Over the past week I have had the opportunity to participate in professional development (PD) using the Backward Design model, suggested by Wiggins and McTighe, focusing on our Learner Profile. It was a great privilege to have Simon Breakspear lead the staff through this process. His expertise in considering educational reform and learning innovation was refreshing.
Simon made it clear that as educators we are; constantly working towards specific learning goals, considering all aspects of learning, planning exciting and engaging learning experiences. He reinforced the concept that innovation comes as true shifts in ideas change. We were encouraged to make small changes, but big leaps in thinking. Simon also made it clear that when we want to innovate we must make it about the quality of learning and not about the new technology.
The shifts made this year in my thinking; about education and where I, or the ‘teacher’, fits into the educational landscape was again brought to the floor as Simon set the task for the following sessions, stating that educators should consider themselves as ‘learning designers’.
So as ‘Learning Designers’ we set to work on our driving question; “How do we design, implement and evaluate an educational experience that shapes the school’s Learner Profile (LP) in our students?” using the Wiggins and McTighe three stage model:
It was amazing to have time carved out of our busy schedules to sit and consider key outcomes the staff have identified for our students to have when they leave school.
In mixed discipline groups, primary and high school, we came up with ‘non-jargon’ definitions of the two outcomes we were focusing on this year. From here we decided what was acceptable evidence to prove that these outcomes were being achieved. This allowed us to created a rubric that showed a clear continuum of learning.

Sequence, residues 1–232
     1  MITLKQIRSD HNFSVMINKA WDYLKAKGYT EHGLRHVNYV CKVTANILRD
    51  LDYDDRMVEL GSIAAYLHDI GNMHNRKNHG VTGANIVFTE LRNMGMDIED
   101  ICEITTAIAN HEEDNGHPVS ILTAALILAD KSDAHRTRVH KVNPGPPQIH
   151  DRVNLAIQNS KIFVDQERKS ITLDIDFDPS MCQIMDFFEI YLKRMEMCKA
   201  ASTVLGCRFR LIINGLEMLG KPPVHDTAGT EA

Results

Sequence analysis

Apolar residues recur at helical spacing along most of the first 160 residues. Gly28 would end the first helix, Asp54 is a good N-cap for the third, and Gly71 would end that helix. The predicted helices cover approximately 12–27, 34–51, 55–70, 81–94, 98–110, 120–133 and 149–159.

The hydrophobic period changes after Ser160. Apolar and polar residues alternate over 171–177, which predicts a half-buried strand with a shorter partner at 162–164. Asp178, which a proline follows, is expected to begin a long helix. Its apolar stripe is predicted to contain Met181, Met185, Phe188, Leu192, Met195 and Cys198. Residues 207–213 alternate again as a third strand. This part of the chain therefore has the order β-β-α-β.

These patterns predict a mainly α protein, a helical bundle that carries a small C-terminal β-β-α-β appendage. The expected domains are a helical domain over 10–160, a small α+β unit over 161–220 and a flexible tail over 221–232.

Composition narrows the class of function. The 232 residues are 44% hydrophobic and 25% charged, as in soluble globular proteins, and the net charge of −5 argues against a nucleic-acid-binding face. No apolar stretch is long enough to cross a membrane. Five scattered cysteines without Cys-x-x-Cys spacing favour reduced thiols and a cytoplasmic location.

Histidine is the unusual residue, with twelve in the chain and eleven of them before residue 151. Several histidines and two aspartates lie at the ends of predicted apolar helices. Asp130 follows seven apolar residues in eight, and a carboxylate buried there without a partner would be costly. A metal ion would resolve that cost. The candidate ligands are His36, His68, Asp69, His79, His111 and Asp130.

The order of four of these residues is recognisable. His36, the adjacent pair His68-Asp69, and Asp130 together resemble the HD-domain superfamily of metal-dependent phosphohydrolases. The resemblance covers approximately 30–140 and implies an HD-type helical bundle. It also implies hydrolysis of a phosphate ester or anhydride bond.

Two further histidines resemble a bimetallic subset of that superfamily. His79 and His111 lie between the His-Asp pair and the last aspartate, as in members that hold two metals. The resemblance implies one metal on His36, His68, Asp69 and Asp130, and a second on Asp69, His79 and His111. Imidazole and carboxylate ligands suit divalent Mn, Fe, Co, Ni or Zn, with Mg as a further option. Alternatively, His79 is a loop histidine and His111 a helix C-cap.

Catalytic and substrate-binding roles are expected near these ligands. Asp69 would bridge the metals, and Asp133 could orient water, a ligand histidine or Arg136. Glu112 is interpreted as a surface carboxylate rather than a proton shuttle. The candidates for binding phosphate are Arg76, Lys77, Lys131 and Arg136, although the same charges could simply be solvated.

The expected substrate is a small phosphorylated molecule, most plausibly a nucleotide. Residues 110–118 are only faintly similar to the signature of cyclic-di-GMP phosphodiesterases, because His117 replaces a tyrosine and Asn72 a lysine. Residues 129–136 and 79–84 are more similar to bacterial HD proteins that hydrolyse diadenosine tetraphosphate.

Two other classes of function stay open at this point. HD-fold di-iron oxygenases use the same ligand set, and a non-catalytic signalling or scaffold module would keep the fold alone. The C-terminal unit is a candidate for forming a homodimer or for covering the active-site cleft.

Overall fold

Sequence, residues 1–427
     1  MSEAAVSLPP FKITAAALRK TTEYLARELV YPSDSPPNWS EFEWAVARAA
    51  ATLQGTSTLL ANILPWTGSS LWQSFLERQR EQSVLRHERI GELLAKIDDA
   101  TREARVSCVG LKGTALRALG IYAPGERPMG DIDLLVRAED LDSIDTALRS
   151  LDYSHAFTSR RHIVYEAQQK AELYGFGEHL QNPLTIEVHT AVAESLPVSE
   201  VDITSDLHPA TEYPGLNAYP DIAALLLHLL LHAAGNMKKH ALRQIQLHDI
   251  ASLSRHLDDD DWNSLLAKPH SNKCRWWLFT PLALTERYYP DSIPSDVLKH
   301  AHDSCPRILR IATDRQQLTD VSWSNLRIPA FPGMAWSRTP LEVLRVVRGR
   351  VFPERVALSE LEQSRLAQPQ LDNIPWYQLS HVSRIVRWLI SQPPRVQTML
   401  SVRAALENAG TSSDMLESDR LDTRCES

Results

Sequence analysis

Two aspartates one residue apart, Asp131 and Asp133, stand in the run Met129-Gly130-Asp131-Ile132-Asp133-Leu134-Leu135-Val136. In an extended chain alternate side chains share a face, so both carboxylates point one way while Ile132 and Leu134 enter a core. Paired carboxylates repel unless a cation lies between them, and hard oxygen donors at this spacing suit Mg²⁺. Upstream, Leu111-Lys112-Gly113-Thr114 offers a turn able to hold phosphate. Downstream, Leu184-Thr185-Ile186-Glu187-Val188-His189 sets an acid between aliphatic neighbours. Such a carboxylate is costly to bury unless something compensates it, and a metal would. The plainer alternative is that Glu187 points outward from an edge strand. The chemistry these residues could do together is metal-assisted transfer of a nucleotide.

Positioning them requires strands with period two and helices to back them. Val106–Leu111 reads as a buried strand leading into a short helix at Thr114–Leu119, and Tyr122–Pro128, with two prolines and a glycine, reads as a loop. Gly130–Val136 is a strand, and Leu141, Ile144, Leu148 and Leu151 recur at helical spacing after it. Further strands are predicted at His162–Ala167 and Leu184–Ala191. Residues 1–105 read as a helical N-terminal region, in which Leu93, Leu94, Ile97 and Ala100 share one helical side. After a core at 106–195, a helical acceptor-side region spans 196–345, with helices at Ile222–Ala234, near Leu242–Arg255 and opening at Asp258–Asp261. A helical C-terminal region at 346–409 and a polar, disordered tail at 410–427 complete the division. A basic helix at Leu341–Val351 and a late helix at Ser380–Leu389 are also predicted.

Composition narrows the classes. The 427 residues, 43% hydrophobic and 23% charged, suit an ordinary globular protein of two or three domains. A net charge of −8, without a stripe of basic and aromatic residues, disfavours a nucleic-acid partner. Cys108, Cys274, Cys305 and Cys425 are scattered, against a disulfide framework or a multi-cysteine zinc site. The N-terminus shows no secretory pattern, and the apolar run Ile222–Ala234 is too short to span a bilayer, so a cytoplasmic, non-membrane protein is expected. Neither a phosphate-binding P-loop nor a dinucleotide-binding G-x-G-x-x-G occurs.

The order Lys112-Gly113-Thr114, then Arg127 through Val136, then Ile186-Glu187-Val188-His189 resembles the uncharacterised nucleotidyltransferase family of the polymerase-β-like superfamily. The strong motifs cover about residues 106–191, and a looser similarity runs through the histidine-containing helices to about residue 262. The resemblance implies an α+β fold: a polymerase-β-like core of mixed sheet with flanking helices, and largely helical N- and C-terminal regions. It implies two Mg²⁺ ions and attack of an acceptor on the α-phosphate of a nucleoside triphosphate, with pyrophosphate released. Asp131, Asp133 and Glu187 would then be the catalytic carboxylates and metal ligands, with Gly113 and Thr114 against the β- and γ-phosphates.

Seeing the definitions, reasons for their importance and the rubrics created by each of the 19 groups, through a shared Google Doc in real time, was exciting. This created a crowd sourced resource, spanning Kindergarten to Year 12, that can begin to allow us to track the progress of a student over time. It allows for authentic and purposeful assessment, providing a basis for growth, as the student can see what they are achieving and the next step to take in order to improve.
Most importantly, doing this allowed the staff, as a whole, to reflect on what the LP means and how it relates to their field of expertise.
At this point we began to apply the process in our own teams with a learning experience that we could teach this coming term. Being given the green light to go and trial our PD learning was great but challenging.
I would encourage other educators to give yourself or your team to go into the “Pit of Learning”. It will be hard, there will be debates and challenges to face but that is because you are passionate.
As we all look forward to a new term of learning, I also encourage you to consider one area that you can have a go of applying or reapplying the ‘Backwards by Design’ concept.
My key take away - when we want to innovate we must make it about the quality of learning and not about the new technology.
Follow Simon Breakspear - @SimonBreakspear